- Investments should be relatively aggressive in stocks
Preparing for Retirement in Your 40s
Many believe their 40s is when to start saving for retirement. While the ability to take advantage of compounding growth is less, there remains ample time still. In addition, most people enjoy higher income levels in their 40s, which allows them to put back more each month. Though it’s tempting to spend more as a result, maintaining a budget in line with your retirement plans is important.
In addition to maximizing your income and retirement savings accounts, you will also need to consider saving for other items. Children’s college funds, weddings, and other life events may require saving efforts. By considering those expenses, you avoid the temptation to take money out of your retirement savings. And making arrangements to pay off your mortgage and other debts also helps. Plenty of time still remains to make wise investments that can make your retirement years quite comfortable.
Where to Start:
- Maximize income and retirement savings accounts
- Plan savings efforts for other priorities: children’s college funds, weddings, and other life events
- Make arrangements to pay off your mortgage and other debts in preparation for retirement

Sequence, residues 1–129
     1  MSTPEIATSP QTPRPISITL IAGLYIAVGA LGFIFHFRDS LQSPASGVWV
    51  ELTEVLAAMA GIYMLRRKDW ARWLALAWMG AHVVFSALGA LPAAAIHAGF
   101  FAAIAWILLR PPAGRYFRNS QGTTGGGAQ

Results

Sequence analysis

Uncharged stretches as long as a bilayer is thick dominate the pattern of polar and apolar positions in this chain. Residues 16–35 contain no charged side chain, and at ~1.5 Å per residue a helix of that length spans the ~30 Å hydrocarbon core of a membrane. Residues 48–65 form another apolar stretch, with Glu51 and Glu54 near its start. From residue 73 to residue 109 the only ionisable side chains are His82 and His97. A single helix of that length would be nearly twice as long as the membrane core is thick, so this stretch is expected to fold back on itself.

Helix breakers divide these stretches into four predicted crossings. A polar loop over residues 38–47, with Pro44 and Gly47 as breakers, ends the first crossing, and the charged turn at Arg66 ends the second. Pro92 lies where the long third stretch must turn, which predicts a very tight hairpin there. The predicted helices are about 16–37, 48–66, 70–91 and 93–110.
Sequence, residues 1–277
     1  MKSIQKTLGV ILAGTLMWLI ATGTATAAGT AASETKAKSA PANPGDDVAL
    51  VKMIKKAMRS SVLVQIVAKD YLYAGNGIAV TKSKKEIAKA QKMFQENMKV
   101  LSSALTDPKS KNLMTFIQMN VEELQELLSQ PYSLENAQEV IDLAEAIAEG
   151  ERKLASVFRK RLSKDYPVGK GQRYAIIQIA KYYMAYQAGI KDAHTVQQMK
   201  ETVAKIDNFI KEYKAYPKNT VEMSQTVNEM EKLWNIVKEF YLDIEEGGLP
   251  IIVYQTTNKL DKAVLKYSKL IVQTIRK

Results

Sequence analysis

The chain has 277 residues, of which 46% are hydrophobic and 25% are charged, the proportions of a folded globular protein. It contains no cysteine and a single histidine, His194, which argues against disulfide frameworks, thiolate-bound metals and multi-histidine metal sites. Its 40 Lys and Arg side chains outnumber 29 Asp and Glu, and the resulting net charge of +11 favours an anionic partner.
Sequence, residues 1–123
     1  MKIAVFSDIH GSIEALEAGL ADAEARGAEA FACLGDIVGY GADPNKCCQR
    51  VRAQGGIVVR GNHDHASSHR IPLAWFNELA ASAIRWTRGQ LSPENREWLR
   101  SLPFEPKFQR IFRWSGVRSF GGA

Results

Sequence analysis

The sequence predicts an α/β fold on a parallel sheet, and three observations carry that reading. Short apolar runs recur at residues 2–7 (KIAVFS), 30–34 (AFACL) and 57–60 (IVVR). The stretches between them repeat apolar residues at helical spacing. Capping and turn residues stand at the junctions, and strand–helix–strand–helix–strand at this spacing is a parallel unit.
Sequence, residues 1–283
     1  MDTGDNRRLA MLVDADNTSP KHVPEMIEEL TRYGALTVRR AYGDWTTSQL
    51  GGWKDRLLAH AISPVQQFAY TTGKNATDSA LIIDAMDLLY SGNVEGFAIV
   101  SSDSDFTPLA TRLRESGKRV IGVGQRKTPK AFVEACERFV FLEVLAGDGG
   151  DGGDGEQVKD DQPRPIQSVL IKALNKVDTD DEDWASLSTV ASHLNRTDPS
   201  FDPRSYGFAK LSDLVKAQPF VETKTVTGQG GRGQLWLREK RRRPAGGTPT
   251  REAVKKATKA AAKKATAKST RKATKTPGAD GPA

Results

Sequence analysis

- Consider a financial planner to help make wise investments
Preparing for Retirement in Your 50s
Ideally, most have already started planning for retirement before their 50s. But there are many things that you can do in your 50s to prepare for retirement if need be. For one, annual contribution limits for IRA and 401(k) accounts increase. This means you can “catch up” for prior years when retirement saving was difficult. Likewise, other debts may have been eliminated, allowing you to save larger amounts each month.
While saving more for retirement is encouraged during your 50s, investment strategies should be less aggressive. Lowering your risk in the stock market and choosing bonds might be a good option. Also, paying for your child’s college at the expense of your retirement savings may not be ideal either. After all, they have a lifetime to pay off student loans, but your time in preparing for retirement is limited.
Where to Start:
- Investment strategies should be less aggressive
- Lower your risk in the stock market and consider choosing binds
- Do not pay for your child’s college at the expense of your retirement savings—explore other options for funding college instead
- With debts lessening as you age, continue to save larger amounts each month
One Size Does Not Fit All
When to start saving for retirement varies for everyone based on their unique situation. The lifestyle desired, your income, your debt, and other life demands affect these decisions. But as a general rule, the best time to start saving for retirement is as early as possible. Even if you start preparing for retirement later in life, there remain many effective strategies to pursue. And in terms of your specific situation, getting professional advice about your retirement preparedness is encouraged. In any case, doing something is always better than doing nothing.